Would Knowing Your Purpose Help You In Your Career?

Are you lacking career confidence? Have you got to the stage in your career where what you’re doing is just not cutting it for you any more? I hear it a lot. You don’t feel fulfilled, you’re not excited or challenged, you’re still performing but you KNOW you’re not doing your best. The well of potential within you is largely untapped.

I coach women with these stories every day

These thoughts aren’t generally sudden.  A sense of dissatisfaction and lack of career confidence can start, but it can reach a point where the quiet nag must be listened to.  The trigger that makes you pay attention can be many things:

  • A big birthday looming and you’re evaluating whether where you are is where you thought you’d be
  • A new boss whose style you don’t gel with
  • The company culture changing and becoming more toxic
  • Not getting the promotion you were expecting
  • Company cut-backs or restructuring
  • Having children
  • Children moving out
  • The death of a loved one

Any of these life events can cause you to sit back and think about what it is you really want.  Life is short.  Do you really want to spend that much time miserable, moaning and lacking career confidence?

I’ve reached this point a couple of times in my career.  The first time it was my 30th birthday made me sit up and think about where I was at (a distant memory now!).  The second time, it was having children.  The thing I realised I needed more than a big promotion, was to care about what I was doing.  It had to mean something.

Purpose is the Ultimate Motivator for Career Confidence

What is your purpose?  That can feel like the biggest and most daunting question, but it doesn’t mean you should hide from it.  Maybe you just need to think about it in a different way.

Today I was coaching a woman who said her fear was that she’d become lazy.  I know what she meant, but she was misinterpreting her lack of drive as laziness.  She’s a high performer and gets great results even when she’s working below par.  But that’s frustrating the hell out of her.  Why?  She knows she could give so much more.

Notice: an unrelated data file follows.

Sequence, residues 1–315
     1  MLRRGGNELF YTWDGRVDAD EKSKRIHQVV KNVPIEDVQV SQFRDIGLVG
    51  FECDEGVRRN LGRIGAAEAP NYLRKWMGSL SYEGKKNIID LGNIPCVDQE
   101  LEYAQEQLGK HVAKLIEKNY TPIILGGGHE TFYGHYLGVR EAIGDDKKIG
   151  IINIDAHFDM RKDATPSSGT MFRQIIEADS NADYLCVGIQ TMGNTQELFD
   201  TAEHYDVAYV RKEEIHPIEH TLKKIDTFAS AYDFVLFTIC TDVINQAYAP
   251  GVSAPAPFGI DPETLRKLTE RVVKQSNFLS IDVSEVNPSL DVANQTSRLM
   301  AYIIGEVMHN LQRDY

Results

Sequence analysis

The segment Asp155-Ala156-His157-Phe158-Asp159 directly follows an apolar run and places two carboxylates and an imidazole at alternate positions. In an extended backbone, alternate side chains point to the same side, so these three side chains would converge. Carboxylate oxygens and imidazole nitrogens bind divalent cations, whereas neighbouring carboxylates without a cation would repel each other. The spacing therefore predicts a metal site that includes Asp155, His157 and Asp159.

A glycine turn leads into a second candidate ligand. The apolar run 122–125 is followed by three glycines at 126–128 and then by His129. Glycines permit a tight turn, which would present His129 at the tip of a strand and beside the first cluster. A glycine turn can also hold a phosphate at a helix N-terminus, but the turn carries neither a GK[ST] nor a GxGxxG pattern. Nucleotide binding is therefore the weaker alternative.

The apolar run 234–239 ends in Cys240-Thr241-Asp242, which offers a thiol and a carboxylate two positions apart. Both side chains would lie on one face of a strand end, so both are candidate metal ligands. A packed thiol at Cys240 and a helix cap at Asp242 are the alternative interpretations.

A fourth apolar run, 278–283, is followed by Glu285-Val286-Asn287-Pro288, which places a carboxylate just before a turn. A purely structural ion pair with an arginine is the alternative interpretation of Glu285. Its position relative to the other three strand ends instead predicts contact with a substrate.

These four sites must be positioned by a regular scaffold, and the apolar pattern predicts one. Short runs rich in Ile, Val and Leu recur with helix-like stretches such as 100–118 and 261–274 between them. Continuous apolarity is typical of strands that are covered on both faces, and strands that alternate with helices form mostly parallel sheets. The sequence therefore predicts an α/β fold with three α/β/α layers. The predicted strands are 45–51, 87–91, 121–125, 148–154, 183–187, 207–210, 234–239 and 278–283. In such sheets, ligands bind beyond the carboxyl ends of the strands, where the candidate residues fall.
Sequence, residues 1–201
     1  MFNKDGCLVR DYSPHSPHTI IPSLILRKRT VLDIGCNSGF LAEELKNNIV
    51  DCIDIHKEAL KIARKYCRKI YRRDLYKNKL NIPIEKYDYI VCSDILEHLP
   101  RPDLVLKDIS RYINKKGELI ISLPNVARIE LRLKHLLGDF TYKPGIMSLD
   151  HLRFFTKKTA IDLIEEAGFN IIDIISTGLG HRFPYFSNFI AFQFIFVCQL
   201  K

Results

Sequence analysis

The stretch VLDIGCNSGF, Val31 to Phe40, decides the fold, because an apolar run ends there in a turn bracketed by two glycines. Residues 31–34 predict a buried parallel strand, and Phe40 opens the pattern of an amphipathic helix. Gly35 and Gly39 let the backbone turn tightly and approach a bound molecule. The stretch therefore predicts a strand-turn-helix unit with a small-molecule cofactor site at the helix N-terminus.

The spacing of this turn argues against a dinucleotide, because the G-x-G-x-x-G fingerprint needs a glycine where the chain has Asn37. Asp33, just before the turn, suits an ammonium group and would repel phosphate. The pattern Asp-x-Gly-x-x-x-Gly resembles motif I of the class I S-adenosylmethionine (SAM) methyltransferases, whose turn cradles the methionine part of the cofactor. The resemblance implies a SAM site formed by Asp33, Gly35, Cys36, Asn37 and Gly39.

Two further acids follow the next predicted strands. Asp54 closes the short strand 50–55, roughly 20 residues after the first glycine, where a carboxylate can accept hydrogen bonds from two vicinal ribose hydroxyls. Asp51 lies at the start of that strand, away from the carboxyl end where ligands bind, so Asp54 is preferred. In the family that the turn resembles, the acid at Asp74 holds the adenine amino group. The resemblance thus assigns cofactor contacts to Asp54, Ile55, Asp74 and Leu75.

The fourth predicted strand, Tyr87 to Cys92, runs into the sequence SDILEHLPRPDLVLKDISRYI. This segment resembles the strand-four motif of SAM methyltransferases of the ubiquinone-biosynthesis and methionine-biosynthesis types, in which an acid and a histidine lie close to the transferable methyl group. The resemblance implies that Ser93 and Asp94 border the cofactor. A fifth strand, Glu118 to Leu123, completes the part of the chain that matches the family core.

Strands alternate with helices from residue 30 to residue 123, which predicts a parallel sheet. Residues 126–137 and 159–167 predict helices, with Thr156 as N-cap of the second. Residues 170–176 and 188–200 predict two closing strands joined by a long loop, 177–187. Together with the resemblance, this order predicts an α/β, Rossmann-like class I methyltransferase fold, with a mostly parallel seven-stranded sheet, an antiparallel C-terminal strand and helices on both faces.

Undeniably what’s missing is she doesn’t feel passionate about what she does, and there are many ways of achieving that.

Yes, you can answer ‘the purpose question’.  And you can also consider other questions too.

Your purpose doesn’t need to be this earth-shattering thing that people bow down to you when they hear it.  We’re not all meant to be Mother Theresa.  What if your purpose is doing more of what you love?  Or what you’re good at?

Here are a few pointers to get you thinking:
  • What are you great at?
  • Notice what do you feel energised doing.
  • What do you get ‘lost in time’ doing?
  • Think of the achievements (big and small) which you are  proudest of.
  • What is important to you?
  • How can you be paid to do more of it?
  • How could you use this in the job you’re in?
  • Whose support might you need to make it happen?
  • What can you do outside of work to use these strengths?

Maybe you’re ready to look for a new job that’s more in line with your answers, and that’s great.

But sometimes the easiest way to make a change can be by redesigning the job you’re in.  Instead of putting roadblocks in your way, what if you ask yourself ‘how might I…?’

When you do more of what you love it can change everything

One of my biggest success stories of last year was with a client who came to me because she thought she wanted to change her job.  We explored the options and spent time on her values, her purpose, and especially her vision for the future.

The result?  She’s happy and so much more confident where she is because that has lead to redesigning her job to fit her brand.  She’s performing brilliantly, she’s loving work, and of course she’s getting noticed! Sooner or later her next big promotion is on the way.

If you want to have a chat about how to turn your career and confidence around, why not email me to set up a call.  Who knows where it might lead?!